The federal government, which has been accused of failing to hold drug companies to account for the nation’s deadly opioid epidemic, hopes to dispel that impression Monday when the first criminal trial of pharmaceutical executives who marketed a painkiller begins.
John N. Kapoor, a onetime billionaire and founder of Arizona-based Insys Therapeutics, is scheduled to go on trial in US District Court in Boston along with four former company executives on charges that they acted more like mobsters than pharmaceutical executives when they sold a brand of fentanyl, a powerful and addictive opioid.
In a trial expected to last up to three months, federal prosecutors will try to convince a jury that the five defendants paid bribes and kickbacks to physicians in a nationwide racketeering conspiracy. The payments allegedly induced doctors to prescribe Subsys, an under-the-tongue fentanyl spray approved to treat severe cancer-related pain, for patients who hadn’t been diagnosed with cancer.
The case features several explosive allegations. Prosecutors say that Insys set up a sham “speakers program” to funnel cash to doctors, adjusted payments based on how many prescriptions doctors wrote, misrepresented patients’ medical histories to dupe insurers into covering Subsys for people without cancer, and even hired a woman who was a former stripper and escort service manager as a key sales executive.
Former Insys employees, in federal whistle-blower lawsuits filed around the country, have described a macho, high-pressure sales operation in which deception was encouraged.
One former executive allegedly told sales representatives that “The Wolf of Wall Street,” the 2013 film about a corrupt stock broker, was “the best sales training video in history,” according to one suit.
The criminal case marks a rare instance of the government using the criminal Racketeer Influenced and Corrupt Organizations Act, or RICO, to go after corporate executives. The statute was approved in 1970, chiefly to prosecute organized crime figures.
“Any time criminal RICO is applied to something that would appear to be a legitimate business or enterprise, it’s always somewhat unusual,” said Brad Bailey, a Boston criminal defense lawyer and former federal and state prosecutor who is not involved in the matter. In this instance, he said, the government wants to prove that Insys’s marketing of the painkiller was nothing less than a “top-to-bottom fraudulent scheme.”
In contrast, lawyers for the former Insys executives are expected to argue that the case is an egregious example of government overreach. In a recent court filing, defense attorneys wrote that the prosecutors have failed to satisfy legal requirements for bringing RICO charges and want to “tar and feather [the defendants] based on drug-dealing allegations at the height of the opioid crisis.”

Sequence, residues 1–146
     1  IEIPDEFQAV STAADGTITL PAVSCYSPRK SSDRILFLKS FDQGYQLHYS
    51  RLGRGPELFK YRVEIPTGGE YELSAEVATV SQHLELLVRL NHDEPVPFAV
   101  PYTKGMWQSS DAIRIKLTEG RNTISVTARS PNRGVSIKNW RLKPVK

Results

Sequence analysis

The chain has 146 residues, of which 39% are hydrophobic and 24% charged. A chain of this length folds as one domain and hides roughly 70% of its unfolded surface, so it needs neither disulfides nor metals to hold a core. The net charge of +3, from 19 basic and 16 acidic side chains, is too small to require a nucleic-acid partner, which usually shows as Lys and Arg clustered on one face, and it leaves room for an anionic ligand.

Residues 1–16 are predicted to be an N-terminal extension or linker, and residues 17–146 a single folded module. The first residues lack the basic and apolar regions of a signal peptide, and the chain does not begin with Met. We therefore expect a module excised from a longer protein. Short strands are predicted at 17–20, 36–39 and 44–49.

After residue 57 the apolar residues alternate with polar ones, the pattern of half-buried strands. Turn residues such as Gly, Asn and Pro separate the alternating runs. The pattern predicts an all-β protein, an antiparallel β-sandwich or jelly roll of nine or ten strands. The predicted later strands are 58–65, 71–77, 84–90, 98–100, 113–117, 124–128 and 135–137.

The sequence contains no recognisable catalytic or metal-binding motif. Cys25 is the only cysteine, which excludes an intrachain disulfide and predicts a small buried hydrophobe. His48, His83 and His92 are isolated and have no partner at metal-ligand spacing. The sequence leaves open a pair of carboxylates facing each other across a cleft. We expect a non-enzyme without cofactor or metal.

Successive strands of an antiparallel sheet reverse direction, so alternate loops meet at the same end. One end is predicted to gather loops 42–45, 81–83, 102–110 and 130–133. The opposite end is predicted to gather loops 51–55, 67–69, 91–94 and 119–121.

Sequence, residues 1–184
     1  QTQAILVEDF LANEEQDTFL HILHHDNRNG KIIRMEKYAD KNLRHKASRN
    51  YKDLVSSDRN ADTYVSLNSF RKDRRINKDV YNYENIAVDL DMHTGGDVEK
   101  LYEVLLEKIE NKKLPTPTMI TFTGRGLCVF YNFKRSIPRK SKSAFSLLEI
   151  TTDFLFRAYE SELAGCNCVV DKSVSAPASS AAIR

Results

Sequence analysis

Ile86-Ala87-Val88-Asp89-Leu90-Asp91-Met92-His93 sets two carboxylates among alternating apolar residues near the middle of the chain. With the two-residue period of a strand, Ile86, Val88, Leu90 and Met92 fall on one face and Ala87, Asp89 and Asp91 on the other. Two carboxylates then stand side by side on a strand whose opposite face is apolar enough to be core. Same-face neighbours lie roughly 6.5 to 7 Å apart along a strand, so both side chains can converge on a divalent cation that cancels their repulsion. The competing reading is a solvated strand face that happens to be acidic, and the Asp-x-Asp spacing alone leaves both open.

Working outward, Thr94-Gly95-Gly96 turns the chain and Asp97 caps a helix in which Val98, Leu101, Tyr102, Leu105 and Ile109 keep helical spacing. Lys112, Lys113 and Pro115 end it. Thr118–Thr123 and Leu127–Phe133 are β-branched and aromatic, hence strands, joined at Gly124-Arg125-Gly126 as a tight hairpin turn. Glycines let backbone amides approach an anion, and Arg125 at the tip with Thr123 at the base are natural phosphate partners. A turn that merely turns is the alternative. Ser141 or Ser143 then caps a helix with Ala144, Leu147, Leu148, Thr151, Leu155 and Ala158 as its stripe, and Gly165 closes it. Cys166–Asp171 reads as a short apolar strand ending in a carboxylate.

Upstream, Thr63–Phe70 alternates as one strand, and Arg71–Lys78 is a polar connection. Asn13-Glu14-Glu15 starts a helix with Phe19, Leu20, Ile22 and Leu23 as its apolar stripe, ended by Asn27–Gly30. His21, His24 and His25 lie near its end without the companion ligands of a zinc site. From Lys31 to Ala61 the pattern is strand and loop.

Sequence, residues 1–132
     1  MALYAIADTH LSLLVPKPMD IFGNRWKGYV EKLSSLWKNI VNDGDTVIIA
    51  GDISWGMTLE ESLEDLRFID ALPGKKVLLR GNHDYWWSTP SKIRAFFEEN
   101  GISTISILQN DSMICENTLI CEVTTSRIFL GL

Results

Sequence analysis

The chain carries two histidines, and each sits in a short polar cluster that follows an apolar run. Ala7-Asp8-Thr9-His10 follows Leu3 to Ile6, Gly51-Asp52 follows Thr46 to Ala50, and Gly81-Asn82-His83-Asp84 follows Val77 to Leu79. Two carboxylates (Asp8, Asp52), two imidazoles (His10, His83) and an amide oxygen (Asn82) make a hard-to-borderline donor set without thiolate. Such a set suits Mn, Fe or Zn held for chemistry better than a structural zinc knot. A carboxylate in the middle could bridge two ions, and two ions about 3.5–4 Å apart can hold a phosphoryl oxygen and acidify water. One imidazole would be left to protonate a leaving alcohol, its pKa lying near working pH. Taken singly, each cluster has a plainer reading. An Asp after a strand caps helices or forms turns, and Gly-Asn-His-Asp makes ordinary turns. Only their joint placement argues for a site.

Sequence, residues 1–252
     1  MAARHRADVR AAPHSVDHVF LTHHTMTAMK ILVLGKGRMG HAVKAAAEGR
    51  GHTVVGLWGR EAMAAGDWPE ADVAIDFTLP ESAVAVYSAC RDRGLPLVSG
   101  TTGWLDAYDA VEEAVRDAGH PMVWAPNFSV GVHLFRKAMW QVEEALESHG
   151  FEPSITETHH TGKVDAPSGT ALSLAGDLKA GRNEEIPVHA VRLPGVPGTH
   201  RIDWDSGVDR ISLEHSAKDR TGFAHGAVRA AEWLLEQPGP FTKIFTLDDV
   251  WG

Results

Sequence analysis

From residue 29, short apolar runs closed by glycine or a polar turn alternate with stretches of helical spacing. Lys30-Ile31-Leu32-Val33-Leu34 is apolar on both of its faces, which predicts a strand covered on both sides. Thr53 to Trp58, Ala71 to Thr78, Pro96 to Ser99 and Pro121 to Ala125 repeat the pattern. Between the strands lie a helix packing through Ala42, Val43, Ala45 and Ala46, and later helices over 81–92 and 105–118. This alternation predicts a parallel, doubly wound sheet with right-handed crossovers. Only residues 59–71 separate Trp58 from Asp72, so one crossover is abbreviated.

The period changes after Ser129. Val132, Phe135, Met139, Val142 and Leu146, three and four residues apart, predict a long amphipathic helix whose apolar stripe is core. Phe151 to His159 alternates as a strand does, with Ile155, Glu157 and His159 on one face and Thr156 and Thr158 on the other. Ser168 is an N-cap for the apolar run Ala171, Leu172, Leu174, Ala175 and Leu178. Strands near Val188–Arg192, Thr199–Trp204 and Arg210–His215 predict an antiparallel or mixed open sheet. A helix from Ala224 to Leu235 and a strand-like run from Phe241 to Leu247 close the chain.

Prosecutors say the alleged scheme affected how some doctors prescribed Insys across the country, but the charges were brought by the US attorney’s office in Massachusetts, which for years has played a leading role nationally in prosecuting health care fraud.
The case certainly marks a shift in how the Justice Department has treated the makers of opioid-based drugs.
Purdue Pharma, a privately held drug company in Stamford, Conn., has drawn far more criticism during the opioid epidemic, which federal officials say killed nearly 400,000 people from 1999 to 2017. But in comparison to the Insys prosecution, Purdue has been treated mildly by the government.
Owned by the Sackler family, Purdue markets OxyContin, a time-release opioid painkiller that has dominated headlines in the crisis. Purdue launched the drug in 1996 and mounted an aggressive marketing campaign to primary-care doctors, presenting OxyContin as a safe treatment for backaches and joint pain.
In fact, OxyContin — which reached blockbuster status in 2000 by achieving $1.1 billion in annual sales — was highly addictive and easily abused. When patients could no longer renew prescriptions, many turned to heroin, which is cheaper and easier to acquire on the street.
In 2007, as fatal opioid overdoses surged across the country, Purdue admitted to a felony of lying about OxyContin’s potentials for abuse and addiction, and three current and former Purdue executives pleaded guilty in Virginia to a federal misdemeanor charge of misbranding.
Purdue and the three men paid $634.5 million in fines. But no one went to jail.
As it turned out, federal prosecutors in Virginia had wanted to pursue charges that could have sent the executives to jail, according to a document made public last year. But the Justice Department balked after lobbying by lawyers on behalf of Purdue, including former New York City mayor Rudolph Giuliani, who is now a lawyer for President Trump.
Twelve years later, Kapoor and the other four Insys defendants face decidedly higher stakes. If convicted of racketeering conspiracy, they could be sentenced to up to 20 years in prison. That would satisfy some critics of drug companies that promoted opioids.